We do try to tailor our lists, and we rely on our publicist to keep things current, but there are so many things we can't control...like writer's workloads, what else is being sent out at the same time, what is happening in the music world...and of course, there is no accounting for taste. And we do have to send to guys like Don Heckman, who may only review one of our CDs every 10 years or so (even though we're in his own backyard), but when he does, it's to significant effect. I'd love to find a more elegant solution to this problem, but really, what's more elegant than asking? God forbid labels and writers should actually talk to each other!

If you can afford to ask them all, then that is the best way. I don't sell as many records as you do, and those extra 50-100 review copies could be the difference between red numbers and black numbers. Of course I could end up with red numbers anyway...

Post a comment

(If you haven't left a comment here before, you may need to be approved by the site owner before your comment will appear. Until then, it won't appear on the entry. Thanks for waiting.)

Tag cloud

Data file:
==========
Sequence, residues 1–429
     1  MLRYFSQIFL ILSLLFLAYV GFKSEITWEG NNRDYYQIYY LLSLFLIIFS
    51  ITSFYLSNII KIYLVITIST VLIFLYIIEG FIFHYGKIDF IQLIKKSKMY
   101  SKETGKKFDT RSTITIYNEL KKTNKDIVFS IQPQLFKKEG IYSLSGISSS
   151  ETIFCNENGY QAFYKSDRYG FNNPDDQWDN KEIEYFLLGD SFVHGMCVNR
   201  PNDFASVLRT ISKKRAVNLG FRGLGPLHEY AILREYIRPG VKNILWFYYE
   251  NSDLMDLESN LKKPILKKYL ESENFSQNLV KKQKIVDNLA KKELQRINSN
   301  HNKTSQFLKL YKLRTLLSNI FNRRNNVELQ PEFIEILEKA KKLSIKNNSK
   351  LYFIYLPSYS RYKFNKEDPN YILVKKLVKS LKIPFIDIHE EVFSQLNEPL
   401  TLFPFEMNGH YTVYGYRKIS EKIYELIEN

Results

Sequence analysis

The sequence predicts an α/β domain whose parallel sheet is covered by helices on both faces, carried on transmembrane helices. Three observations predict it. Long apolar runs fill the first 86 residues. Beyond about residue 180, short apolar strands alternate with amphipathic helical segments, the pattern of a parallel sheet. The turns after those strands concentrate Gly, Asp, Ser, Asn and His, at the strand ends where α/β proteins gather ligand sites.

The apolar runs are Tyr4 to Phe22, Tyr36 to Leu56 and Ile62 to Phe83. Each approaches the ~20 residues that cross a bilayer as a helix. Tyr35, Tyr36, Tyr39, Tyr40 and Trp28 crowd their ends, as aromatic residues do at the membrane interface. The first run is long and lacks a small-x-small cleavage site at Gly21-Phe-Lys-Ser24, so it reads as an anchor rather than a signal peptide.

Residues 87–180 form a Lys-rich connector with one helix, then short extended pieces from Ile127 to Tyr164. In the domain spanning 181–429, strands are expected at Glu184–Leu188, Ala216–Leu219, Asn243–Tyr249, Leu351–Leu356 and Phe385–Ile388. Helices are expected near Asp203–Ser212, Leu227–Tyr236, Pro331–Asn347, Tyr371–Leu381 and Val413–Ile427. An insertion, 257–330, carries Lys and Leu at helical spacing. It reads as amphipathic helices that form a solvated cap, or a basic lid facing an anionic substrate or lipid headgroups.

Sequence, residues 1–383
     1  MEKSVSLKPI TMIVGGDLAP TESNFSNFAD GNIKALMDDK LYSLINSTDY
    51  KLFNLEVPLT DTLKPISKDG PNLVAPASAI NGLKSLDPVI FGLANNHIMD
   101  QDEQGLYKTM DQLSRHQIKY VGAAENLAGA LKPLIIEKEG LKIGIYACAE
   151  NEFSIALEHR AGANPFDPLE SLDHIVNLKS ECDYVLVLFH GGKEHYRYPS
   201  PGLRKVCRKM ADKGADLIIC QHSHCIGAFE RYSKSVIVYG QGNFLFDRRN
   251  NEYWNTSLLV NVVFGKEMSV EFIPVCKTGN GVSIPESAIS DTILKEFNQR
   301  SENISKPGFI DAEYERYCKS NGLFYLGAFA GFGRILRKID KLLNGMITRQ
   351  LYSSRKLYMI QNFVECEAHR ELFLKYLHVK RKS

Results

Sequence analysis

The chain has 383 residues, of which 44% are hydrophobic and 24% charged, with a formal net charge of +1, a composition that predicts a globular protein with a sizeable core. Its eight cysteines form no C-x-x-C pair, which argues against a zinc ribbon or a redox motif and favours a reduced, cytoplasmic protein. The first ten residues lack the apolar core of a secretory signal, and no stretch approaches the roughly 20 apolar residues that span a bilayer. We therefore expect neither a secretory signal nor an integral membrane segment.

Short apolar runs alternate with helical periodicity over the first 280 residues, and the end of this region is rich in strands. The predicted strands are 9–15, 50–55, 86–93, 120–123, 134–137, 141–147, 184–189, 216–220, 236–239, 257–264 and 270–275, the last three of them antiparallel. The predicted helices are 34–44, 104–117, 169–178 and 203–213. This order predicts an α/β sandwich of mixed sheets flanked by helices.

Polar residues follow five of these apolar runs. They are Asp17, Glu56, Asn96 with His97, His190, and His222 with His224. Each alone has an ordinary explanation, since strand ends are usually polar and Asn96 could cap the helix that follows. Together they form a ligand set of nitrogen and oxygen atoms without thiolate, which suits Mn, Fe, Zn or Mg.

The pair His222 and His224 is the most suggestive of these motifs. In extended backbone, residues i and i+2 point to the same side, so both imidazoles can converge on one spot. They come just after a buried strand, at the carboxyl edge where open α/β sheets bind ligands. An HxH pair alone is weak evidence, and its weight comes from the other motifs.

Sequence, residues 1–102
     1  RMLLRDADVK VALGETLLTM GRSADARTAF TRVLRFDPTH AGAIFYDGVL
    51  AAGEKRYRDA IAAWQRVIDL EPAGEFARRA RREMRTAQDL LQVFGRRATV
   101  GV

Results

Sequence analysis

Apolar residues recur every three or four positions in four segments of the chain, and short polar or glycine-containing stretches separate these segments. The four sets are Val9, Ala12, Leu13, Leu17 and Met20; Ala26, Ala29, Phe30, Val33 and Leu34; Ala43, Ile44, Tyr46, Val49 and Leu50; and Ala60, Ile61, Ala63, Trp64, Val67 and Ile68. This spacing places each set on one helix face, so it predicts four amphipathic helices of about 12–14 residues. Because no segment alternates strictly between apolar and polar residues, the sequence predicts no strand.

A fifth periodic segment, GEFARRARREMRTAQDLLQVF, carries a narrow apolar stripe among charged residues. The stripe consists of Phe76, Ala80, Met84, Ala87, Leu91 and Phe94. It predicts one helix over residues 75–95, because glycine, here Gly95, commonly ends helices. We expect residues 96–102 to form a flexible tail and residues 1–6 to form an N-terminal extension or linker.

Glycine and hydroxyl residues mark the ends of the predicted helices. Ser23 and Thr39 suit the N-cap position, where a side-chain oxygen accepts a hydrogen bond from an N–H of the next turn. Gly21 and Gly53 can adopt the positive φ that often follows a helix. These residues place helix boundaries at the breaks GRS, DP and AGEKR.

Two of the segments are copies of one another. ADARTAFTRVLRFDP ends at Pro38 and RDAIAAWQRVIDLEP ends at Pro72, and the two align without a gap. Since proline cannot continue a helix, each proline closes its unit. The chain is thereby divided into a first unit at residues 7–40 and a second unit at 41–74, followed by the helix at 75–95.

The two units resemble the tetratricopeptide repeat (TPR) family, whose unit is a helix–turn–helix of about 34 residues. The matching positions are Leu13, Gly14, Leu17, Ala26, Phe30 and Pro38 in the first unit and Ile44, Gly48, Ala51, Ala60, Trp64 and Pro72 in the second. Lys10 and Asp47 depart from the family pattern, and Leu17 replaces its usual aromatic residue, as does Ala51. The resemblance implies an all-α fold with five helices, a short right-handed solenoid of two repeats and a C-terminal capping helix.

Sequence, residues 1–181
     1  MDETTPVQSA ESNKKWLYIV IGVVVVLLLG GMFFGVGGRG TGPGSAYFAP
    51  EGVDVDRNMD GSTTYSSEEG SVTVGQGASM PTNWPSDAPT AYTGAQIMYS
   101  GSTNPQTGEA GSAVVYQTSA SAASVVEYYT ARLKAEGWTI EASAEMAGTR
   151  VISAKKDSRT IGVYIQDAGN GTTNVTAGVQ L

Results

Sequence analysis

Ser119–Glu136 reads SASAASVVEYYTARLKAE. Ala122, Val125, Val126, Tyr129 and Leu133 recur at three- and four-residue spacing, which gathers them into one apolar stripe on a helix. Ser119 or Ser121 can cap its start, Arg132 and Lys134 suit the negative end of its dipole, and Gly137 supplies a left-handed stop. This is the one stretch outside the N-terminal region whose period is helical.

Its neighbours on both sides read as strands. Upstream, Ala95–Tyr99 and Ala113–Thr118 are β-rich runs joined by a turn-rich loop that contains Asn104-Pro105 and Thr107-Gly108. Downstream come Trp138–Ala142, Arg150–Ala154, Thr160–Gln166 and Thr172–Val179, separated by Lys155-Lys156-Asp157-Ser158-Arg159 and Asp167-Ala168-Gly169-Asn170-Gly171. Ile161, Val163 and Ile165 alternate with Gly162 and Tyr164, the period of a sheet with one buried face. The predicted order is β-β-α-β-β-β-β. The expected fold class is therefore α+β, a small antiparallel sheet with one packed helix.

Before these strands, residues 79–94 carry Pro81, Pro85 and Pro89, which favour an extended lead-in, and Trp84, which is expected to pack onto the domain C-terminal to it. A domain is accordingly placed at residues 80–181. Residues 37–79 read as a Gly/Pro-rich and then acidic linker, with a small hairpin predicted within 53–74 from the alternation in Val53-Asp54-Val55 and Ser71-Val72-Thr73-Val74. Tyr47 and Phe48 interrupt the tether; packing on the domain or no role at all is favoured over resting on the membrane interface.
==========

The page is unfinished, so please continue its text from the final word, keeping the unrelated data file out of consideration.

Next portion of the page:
Adam Rudolph Alex Cline's Band of the Moment Alex Cline; Nels Cline: Alex & Nels Cline; Downbeat; Continuation; Coward Alma Lisa Fernandez Angel City Jazz Festival 2009 Angel City Jazz Festival 2009 Live Review (Day 1) Angel City Jazz Festival 2009 Live Review (Day 2) Angel City Jazz Festival 2009 Photos Antonio Sanchez avant-garde Ben Goldberg Bennie Maupin Bennie Maupin & Dolphyana Bill Stewart Billy Childs Jazz-Chamber Ensemble Billy Corgan Billy Hart Bob Sheppard California Jazz Foundation Cameron Graves Captain Beefheart & The Magic Band Carol Robbins Charles Mingus; Son of Watts Musical Caravan Project; Azar Lawrence; Nate Morgan; Henry Franklin; Alphonse Mouzon; Prayer for My Ancestors Charles Owens Chops: The Movie Chris Barton Cryptogramophone Records Cryptonight Darek Oles Dave Douglas Brass Ecstasy David Anderson Pianos David Witham Denman Maroney Devin Hoff Double M Jazz Salon Downbeat 57th Annual Critics Poll Dwight Trible Eagle Rock Center for the Arts Eclipse Quartet Edward Vesala Electric Lodge Eric Dolphy Eric Von Essen First Friday Series at the Museum of Neon Art G.E. Stinson Global Village Monday with Maggie LePique Go: Organic Orchestra Gravitas Quartet Greater St. Louis Jazz Festival; Peter Erskine Greg Kot Gregg Bendian Hale Smith Hannah Rothschild Hans Fjellstad Harry Partch; L.A. Weekly; John Schneider; REDCAT Horace Tapscott; Horace Tapscott Tribute Concert; Pan Afrikan Peoples Arkestra; the Ark; Jazz Bakery; Ruth Price; Jesse Sharps; Austin Peralta; Isaac Smith Huffington Post Hugh Hopper Ikeda Kings Orchestra improvisation Initiate Ivan Cotton James Newton Jason Robinson Jay Bennett Jay Hoggard jazz Jazz at the Plgrimage Jazz Bakery Jazz Explosion III Jazz Journey with Eddie B. Jeff Gauthier Jeff Tweedy Jesse Sharps Jim Black Joe Zawinul John "Drumbo" French John Fumo Kamasi Washington Ken Coomer Ken Kawamura KJAZZ 88.1-FM KPFK 90.7-FM KXLU 88.9-FM Larry Goldings Larry Karush Larry Koonse Learning How To Die Leimert Park: The Roots and Branches of L.A. Jazz Les Paul Lester Bowie Lily Burk Memorial Live at the Atelier Los Angeles New Music Ensemble Los Angeles Times Luis Bonilla Maggie Parkins Marcus Rojas Mark Dresser Mark Zaleski Mel Morris Michael Davis Miguel Atwood-Ferguson Mimi Melnick Motoko Honda Museum of Neon Art Museum of Neon Art; MONA; Many Axes; Susan Rawcliffe; Scott Wilkinson; Brad Dutz music blog Myra Melford Nasheet Waits Natsuki Tamura Nels Cline Nels Cline Singers Nels Cline Singers with Jeff Parker Nestor Torres Nick Rosen OC Creative Music Collective Oguri Open Gate Theatre Sunday Concert Series Pannonica Rothschild Peggy Lee Peter Bernstein plays monk Rashied Ali ResBox at the Steve Allen Theater RISE with Mark Maxwell Roberto Miranda Rod Poole Ron MIles Royal/T Cafe Sara Parkins Sara Schoenbeck Sarah Thornblade SASSAS Satoko Fujii Scott Amendola Scott Colley Sky Saxon Tribute Sonship Theus Spirit Moves Spirits in the Sky Steuart Liebig Terry Riley The Gathering The Jazz Baroness The JazzCat with Leroy Downs Thelonious Monk Thomas Stones Tom McNalley Trilogy Van Morrison; Astral Weeks; Scott Foundas; Jan Steward; Music Cirle; SASSAS Vincent Chancey Wayne Horvitz Wayne Peet Wilco Wilco; Nels Cline Wilco; Wilco (The Album); Nels Cline Will Salmon